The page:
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Major magazine publishers are forecasting price hikes of 5% or less for 1997 ad rates-a sharp contrast to the nearly double-digit hikes most sought a year ago.

In a particularly surprising move, Hearst Magazines President Cathleen Black now appears to have backed down from an earlier plan to push through a 6% price hike.

In the face of resistance from ad agencies, Hearst titles are expected to seek increases of between 3% and 4%.

That also appears to be a re-action to Conde Nast Publications, whose president, Steven T. Florio, recently instructed his publishers

'97 ad-page rate increases set

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to seek only a 3.5% increase for 1997. Conde Nast's stable includes Vogue, Vanity Fair, GQ and Self.

Said one Hearst insider, "It's a 3.2% increase for Good Housekeeping"-where ad pages have been down sharply this year-"and between 3% and 4% for everyone else."

A Hearst spokeswoman put the likely range at between 3% and 5%. The company also publishes Cosmopolitan, Esquire and Harper's Bazaar.


Ms. Black is trying to be sensitive to media buyers' reactions in the wake of the public relations disaster that ensued when her predecessor, Claeys Bahrenburg, unveiled across-the-board rate base cuts and 5% ad-price hikes for the current fiscal year. The combined move translated into a 15% cost-per-thousand readers increase that angered many advertisers.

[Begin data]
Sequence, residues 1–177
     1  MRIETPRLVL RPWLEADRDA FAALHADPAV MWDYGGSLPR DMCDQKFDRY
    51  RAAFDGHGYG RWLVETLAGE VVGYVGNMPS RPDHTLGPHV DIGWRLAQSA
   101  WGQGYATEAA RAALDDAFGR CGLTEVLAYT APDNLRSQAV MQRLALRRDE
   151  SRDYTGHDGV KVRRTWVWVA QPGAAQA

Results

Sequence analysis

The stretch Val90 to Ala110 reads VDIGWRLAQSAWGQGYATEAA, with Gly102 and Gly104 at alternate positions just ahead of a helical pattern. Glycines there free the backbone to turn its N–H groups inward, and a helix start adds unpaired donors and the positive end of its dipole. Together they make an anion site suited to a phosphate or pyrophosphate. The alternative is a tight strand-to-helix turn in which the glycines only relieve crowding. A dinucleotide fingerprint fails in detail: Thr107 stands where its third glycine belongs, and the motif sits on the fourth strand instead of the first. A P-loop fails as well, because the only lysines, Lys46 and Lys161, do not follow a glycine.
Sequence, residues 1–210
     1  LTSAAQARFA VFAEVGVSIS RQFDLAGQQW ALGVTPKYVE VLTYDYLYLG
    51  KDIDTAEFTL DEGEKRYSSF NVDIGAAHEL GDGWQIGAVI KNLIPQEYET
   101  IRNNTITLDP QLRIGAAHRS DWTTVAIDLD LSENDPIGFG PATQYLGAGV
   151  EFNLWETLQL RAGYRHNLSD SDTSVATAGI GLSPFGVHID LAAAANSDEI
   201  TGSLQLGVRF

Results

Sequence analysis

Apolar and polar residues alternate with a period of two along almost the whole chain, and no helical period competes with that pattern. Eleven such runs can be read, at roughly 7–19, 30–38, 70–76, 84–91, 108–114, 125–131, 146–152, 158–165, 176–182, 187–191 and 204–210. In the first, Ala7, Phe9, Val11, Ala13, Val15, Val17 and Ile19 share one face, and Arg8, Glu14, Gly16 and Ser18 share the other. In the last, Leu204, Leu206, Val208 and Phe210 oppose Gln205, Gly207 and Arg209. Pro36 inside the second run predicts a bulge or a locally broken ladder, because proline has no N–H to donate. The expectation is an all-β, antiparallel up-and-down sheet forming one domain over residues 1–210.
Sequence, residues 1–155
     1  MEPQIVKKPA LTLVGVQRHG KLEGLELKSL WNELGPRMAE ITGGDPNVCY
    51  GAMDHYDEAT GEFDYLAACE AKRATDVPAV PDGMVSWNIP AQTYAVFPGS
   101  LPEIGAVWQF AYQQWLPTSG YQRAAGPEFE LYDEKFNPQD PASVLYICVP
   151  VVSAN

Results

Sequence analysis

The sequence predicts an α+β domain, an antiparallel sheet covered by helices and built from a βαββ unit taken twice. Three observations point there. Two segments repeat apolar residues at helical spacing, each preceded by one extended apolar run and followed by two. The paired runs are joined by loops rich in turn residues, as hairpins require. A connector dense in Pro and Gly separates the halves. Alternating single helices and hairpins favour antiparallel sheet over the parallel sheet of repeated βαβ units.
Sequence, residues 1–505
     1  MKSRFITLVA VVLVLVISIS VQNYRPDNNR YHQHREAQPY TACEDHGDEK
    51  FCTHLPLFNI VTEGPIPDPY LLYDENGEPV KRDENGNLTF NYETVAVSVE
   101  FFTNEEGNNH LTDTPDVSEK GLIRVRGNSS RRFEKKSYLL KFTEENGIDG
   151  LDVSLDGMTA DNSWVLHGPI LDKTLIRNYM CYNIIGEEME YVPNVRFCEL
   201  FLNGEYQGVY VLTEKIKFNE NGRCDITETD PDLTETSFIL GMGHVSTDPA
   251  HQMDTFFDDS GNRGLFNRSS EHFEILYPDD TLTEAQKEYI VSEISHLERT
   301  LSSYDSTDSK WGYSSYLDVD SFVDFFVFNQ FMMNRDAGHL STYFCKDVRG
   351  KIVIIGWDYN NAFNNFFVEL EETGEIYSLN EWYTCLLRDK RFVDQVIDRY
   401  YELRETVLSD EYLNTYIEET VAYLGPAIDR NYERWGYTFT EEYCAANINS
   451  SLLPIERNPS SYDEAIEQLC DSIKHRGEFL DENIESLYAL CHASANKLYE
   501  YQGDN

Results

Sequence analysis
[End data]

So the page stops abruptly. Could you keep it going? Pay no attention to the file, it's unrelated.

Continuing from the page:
Following a sluggish first half for consumer magazine ad pages and recent trouble signs in the economy, most publishers are proceeding gingerly in setting ad prices for the coming year. Publishers' own internal cost pressures have also eased somewhat.


"We're not hearing any talk about double digits this time," said Robert Geller, president of Robert J. Geller & Associates, media buyer for Coty. "Nobody has paper problems anymore. It's time for magazine publishers to look real statesmanlike and see if they can get pages back."

Through June, Hearst registered the steepest decline of any major publisher, dropping 9.9% in ad pages to 5,729, according to Publishers Information Bureau.

Conde Nast, which imposed a 9.5% ad rate increase for '96, also saw ad pages fall 3.6% for the half, to 8,865.2. Hachette Filipacchi registered a 3.5% drop to 8,897.4 pages, despite a strategy that minimized ad-price increases this year in a bid to gain market share. Its rate plans for next year could not be determined.

Time Inc. magazines set ad increases on a title-by-title basis, but flagship Time is "probably looking at somewhere in the neighborhood of a 5% increase for '97," said Publisher Jack Haire.

Meredith Corp. executives are expected to reveal that company's pricing plans after Labor Day.


"We do not set an across-the-board percentage for all our magazines," said Meredith Magazines President Chris Little. Last year's price hikes ranged from 4% to 8%.

But, said one Meredith publisher, "Obviously, with the other guys coming in around 3% it is going to have an effect on us. We were hoping to come in a little higher."

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